The Finnish handset maker is sponsoring Project 95, in which a former professional race-car driver, Peter Schindler, is making a 13,000-mile road trip across China in a bright yellow Caterham sports car playfully dubbed "Miss Daisy" through an online contest.

Mr. Schindler, who previously was an associate partner in Accenture's China practice, began his trek through 20 Chinese provinces on May 9 in Shanghai.

Peter Schindler on the road with his N95 handset.

Updating travel blog with handset
The Swiss traveler has used Nokia's Nseries mobile devices to document his 95-day journey with entertaining updates and scores of photos at a Sina-hosted blog site. (He's currently braving bridgeless rivers and unpaved roads in Qumalai, a remote corner of Tibet.)

For Nokia, the trip essentially is a nationwide product demonstration for a fraction of the cost of a national TV campaign, said Dan Wong, Beijing-based VP-multimedia sales and channel management in China.

Johnson & Johnson promoted its Neutrogena skin-care line during May and June with an online series, "Journey to True You."

Webisodes connected beauty and skin care with topics such as love and careers by throwing dares at two well-known Chinese women, a fashion model who hosts business programs on China Central Television, and an English teacher who is one of China's most famous bloggers.

The series allowed J&J to build an emotional bond between Neutrogena and its consumers while generating "substantial consumer involvement," said Magdalena Wszelaki, Shanghai-based regional VP-strategic planning at Agenda, which developed the site. Viewers could submit ideas for upcoming challenges online and share comments about past webisodes, "allowing our consumers to become the messengers."

Following consumers' media habits
Marketers are following consumers in their drive to create serial programming on the web. The country has more than 162 million internet users, according to the China Internet Network Information Center, including 60 million teenagers who use the internet for nearly 12 hours per week on average, and 16.6% of teens are online for more than 20 hours a week. Nearly 100 Chinese go online for the first time every minute.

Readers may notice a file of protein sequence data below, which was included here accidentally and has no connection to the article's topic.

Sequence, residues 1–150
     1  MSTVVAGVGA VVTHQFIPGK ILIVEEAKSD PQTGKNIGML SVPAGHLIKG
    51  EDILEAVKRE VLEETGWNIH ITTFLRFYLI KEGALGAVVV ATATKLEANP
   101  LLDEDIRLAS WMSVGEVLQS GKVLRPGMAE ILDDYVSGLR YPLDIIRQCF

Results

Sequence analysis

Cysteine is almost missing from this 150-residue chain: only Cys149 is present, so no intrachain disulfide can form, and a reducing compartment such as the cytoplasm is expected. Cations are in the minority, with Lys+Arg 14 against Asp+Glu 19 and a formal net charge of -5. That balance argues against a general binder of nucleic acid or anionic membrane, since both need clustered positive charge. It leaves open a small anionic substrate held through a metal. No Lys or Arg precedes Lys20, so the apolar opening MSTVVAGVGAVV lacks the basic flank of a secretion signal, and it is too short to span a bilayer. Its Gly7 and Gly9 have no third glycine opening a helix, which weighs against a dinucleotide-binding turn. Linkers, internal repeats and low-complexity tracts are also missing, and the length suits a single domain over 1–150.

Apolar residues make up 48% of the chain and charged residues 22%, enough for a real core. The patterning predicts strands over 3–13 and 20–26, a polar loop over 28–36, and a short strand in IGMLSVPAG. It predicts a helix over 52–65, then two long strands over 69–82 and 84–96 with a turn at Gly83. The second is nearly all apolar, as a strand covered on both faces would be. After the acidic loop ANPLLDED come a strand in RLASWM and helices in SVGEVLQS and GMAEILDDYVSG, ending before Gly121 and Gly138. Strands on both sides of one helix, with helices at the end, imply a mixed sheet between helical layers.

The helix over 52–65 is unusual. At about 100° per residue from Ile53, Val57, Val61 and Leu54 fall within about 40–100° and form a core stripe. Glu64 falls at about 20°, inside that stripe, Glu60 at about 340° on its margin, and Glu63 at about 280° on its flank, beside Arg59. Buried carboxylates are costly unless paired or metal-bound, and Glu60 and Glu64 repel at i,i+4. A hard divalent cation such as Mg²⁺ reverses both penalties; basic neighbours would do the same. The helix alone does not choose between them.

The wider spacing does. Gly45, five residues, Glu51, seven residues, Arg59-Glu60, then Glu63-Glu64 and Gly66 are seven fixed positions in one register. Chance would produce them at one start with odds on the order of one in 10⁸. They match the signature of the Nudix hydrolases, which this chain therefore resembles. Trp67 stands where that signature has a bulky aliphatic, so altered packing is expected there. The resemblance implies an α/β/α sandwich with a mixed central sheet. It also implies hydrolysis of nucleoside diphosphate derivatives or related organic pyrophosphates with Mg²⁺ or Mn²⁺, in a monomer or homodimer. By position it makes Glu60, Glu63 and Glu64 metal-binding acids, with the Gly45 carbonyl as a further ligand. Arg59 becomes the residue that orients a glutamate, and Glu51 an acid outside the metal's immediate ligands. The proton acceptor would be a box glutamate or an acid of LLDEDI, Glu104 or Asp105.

China is also the world's largest cellphone market, with 480 million subscribers by the end of March. Chinese youth view handsets as cameras, MP3 players, instant-messaging devices and now video players more than as telephones, prompting marketers to employ cellphones as efficient marketing devices as well.

Phones, like the internet, provide a welcome alternative to CCTV. Advertising slots on the state-run broadcaster have skyrocketed, with inflation topping 10% annually in the past few years. At the same time, young, trendy consumers dismiss CCTV programming as dull and old-fashioned.

"Chinese consumers tell us that using the internet is a must," Ms. Linderova said. "It has become part of daily life nowadays, and online activities like chatting with friends, reading or writing blogs before going to bed is gradually replacing traditional media."

In China's fast-evolving consumer market, advertisers are right behind them.

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Normandy Madden is the Hong Kong-based editor of AdAgeChina, the Ad Age Group's weekly digital newsletter about marketing, advertising and media in mainland China, Hong Kong and Taiwan.